Education and Outreach
Environmental Education has a critical role to play in broadening people’s understanding of some of the complicated issues we face and encouraging our engagement and participation in the decision making processes.
We know that it is important that environmental education reaches everyone: children, parents, tourists, businesses, governments, everybody.
To date the standard of environmental education projects in the UK Overseas Territories has been extremely high. The UK Overseas Territories represent a unique resource for environmental education through their exceptional environmental and cultural heritage. Montserrat’s volcanic eruption is used as a case-study in several secondary school teaching modules, but without much emphasis on Montserrat being a UK Overseas Territory or its citizens being British citizens.
In addition, small islands have the potential to act as models for sustainability for a much wider regional and global audience. Environmental education in the UK Overseas Territories is key to establishing a positive legacy for the environment within territory but is also critical in raising awareness of the importance of the UK Overseas Territories in the UK and elsewhere.
Environment Education has been the subject of several sessions at our conferences, which have celebrated the achievements of the UKOTs.
We have also undertaken a series of projects with local partners.
Environmental education curriculum development concerning water resources in the Turks and Caicos Islands
This project developed a curriculum-linked teaching programme on natural freshwater systems, the increasing need for the scarce water resource, and how these needs can be met in TCI. As well as describing the hydrological systems which enable fresh water to be accessed through artesian wells, it also provides information on rainwater collection and storage. It provides information on the desalination process, the energy requirements for this and the ecological effects of the process, as well as the wildlife. It deals also with wise use of water, and water-saving measures.
The Natural History of Tristan da Cunha
This project saw the publication of a 44-page photographically illustrated book, by Paul Tyler and Alison Rothwell, produced by UKOTCF to make the scientific results of a Darwin Initiative project on biodiversity conservation in Tristan available for use by the island’s school. However, it has also been used for a wider readership.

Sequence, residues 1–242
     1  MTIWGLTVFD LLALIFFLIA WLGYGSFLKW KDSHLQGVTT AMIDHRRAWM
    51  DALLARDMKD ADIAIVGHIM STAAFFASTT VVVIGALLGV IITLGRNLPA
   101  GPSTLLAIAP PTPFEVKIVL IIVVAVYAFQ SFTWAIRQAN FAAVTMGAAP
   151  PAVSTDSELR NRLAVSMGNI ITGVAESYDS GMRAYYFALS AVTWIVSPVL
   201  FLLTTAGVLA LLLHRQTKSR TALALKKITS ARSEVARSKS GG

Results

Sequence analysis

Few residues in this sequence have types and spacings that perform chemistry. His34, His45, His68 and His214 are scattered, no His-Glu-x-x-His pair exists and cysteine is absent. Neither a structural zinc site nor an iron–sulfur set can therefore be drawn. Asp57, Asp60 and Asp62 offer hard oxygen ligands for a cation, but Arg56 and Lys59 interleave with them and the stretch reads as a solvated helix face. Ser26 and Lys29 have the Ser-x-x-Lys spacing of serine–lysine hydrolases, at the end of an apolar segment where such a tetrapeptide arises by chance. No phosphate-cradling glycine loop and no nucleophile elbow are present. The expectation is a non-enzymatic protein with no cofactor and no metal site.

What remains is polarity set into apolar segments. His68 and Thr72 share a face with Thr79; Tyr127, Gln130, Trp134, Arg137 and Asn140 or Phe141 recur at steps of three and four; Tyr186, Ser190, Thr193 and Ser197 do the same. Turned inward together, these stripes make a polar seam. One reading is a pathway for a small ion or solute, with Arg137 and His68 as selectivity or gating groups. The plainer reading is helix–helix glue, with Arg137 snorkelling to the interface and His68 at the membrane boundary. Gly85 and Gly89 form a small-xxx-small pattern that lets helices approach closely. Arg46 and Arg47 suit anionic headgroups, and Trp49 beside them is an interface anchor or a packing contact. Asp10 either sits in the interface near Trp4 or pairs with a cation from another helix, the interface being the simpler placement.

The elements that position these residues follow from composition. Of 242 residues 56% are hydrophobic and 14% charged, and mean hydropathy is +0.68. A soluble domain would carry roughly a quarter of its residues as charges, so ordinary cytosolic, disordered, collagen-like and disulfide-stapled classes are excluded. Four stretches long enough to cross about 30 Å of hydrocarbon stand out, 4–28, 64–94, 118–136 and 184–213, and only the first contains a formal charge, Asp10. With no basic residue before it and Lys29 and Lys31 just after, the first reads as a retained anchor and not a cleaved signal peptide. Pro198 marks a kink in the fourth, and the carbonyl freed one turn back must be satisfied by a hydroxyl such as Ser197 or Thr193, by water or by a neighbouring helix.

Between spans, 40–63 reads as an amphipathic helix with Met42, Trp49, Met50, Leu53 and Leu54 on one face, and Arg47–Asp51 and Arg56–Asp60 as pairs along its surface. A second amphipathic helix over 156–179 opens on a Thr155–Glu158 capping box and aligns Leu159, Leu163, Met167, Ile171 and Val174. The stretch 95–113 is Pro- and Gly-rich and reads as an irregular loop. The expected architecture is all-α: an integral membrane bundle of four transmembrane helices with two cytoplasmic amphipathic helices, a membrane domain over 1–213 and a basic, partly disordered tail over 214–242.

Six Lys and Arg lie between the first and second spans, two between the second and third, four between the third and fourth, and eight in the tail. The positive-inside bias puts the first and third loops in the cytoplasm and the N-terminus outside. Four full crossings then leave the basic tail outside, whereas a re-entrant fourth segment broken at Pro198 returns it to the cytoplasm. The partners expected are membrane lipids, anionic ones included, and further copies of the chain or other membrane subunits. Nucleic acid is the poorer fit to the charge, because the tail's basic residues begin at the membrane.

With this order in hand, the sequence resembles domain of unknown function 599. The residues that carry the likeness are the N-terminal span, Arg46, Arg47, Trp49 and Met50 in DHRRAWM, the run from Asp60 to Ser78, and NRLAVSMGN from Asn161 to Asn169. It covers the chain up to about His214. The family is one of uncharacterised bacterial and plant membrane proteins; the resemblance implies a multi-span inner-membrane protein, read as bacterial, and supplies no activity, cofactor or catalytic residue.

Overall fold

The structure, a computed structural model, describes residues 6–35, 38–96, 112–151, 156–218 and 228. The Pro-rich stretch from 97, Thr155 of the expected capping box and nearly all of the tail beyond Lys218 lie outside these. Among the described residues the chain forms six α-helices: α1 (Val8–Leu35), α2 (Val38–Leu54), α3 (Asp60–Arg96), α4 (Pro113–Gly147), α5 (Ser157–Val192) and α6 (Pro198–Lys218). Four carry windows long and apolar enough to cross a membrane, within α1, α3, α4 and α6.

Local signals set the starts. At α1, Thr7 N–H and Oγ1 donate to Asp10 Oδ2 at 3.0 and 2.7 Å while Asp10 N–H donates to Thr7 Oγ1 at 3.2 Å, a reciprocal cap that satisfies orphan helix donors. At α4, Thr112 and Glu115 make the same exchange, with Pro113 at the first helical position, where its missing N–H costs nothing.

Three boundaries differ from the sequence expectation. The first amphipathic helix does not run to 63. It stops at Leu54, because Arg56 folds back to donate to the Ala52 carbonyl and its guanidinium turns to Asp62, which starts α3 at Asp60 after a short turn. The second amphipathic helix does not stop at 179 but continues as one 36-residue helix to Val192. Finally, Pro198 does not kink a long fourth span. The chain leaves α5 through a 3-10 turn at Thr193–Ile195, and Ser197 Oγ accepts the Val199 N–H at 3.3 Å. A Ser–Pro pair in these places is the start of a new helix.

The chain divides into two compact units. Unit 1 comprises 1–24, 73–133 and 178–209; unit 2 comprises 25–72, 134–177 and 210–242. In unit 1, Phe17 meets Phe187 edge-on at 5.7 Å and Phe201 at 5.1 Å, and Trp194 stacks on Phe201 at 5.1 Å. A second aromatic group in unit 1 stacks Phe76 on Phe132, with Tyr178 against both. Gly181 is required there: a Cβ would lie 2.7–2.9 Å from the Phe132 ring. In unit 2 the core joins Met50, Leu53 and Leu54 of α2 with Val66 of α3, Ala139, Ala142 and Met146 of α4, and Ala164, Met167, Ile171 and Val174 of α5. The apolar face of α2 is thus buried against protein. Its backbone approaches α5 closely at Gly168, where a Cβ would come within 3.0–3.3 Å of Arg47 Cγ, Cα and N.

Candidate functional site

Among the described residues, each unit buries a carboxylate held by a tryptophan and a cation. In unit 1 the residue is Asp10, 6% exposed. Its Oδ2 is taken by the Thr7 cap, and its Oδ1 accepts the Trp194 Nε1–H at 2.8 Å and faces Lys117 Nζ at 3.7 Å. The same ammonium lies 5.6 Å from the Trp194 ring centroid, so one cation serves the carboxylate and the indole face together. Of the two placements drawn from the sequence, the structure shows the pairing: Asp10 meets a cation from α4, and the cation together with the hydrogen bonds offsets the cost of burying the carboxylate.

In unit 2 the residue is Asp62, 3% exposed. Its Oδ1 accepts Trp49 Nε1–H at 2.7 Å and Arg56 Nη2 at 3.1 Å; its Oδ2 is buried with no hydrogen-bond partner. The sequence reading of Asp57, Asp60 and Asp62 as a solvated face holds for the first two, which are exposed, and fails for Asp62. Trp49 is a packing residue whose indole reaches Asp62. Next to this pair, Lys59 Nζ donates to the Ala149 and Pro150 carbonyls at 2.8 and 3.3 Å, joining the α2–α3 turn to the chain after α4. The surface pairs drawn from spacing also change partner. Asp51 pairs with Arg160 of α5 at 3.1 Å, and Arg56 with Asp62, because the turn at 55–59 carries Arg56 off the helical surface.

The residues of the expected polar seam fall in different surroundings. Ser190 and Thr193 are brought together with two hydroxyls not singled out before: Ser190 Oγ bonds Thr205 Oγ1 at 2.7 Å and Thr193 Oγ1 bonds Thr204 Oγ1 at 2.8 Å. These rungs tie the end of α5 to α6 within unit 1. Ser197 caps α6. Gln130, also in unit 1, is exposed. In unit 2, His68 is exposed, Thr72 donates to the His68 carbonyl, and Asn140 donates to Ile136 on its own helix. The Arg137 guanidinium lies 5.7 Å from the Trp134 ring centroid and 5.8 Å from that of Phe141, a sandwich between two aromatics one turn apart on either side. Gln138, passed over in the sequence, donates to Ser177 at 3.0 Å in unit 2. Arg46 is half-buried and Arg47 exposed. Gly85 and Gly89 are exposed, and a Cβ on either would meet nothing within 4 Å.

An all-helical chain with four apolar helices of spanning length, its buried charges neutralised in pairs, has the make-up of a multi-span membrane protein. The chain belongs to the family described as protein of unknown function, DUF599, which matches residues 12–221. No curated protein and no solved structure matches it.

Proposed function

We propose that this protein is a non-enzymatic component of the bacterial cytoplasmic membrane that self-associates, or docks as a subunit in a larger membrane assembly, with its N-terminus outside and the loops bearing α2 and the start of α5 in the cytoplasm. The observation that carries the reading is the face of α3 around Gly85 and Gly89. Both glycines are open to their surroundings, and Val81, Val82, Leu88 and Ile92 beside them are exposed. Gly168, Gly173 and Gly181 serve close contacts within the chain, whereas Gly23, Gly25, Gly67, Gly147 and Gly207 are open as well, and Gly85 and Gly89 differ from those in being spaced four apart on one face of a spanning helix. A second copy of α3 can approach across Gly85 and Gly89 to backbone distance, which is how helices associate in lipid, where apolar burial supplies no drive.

Bermuda National Trust education resources
This project saw the development of educational material following best practice as discussed at the Jersey conference. They are available to review online: https://www.bnt.bm/education/schools-and-teachers.
Several initiatives began as a result of discussions at our Jersey conference in 2006, including an environment education section on our website. The relevant section on our database aims to hold information on education projects. Students in Jersey wanted to learn more about the UKOTs and other Crown Dependencies, but information, as an overview was not widely available. They suggested something should be created to fill this gap.
The virtual tours or ‘VTs’ are an attempt to address lack of information online. They have been an important part of our work as they give us a means to highlight the biodiversity of the UKOTs and the need to protect and conserve them. They all follow the same basic format containing information on the UKOTs, features of natural interest, features of other interest, including cultural, threats / problems / issues, projects / conservation actions, opportunities, organisations and links together with maps and images.
Without project funding they have largely been completed using vast amounts of volunteer time. They will be completed as time allows.
We have undertaken several other funded projects in collaboration with educators in the UKOTs in partnership with our Honorary Environmental Education Coordinator with an educational element.
Wise Water Project, Turks and Caicos Islands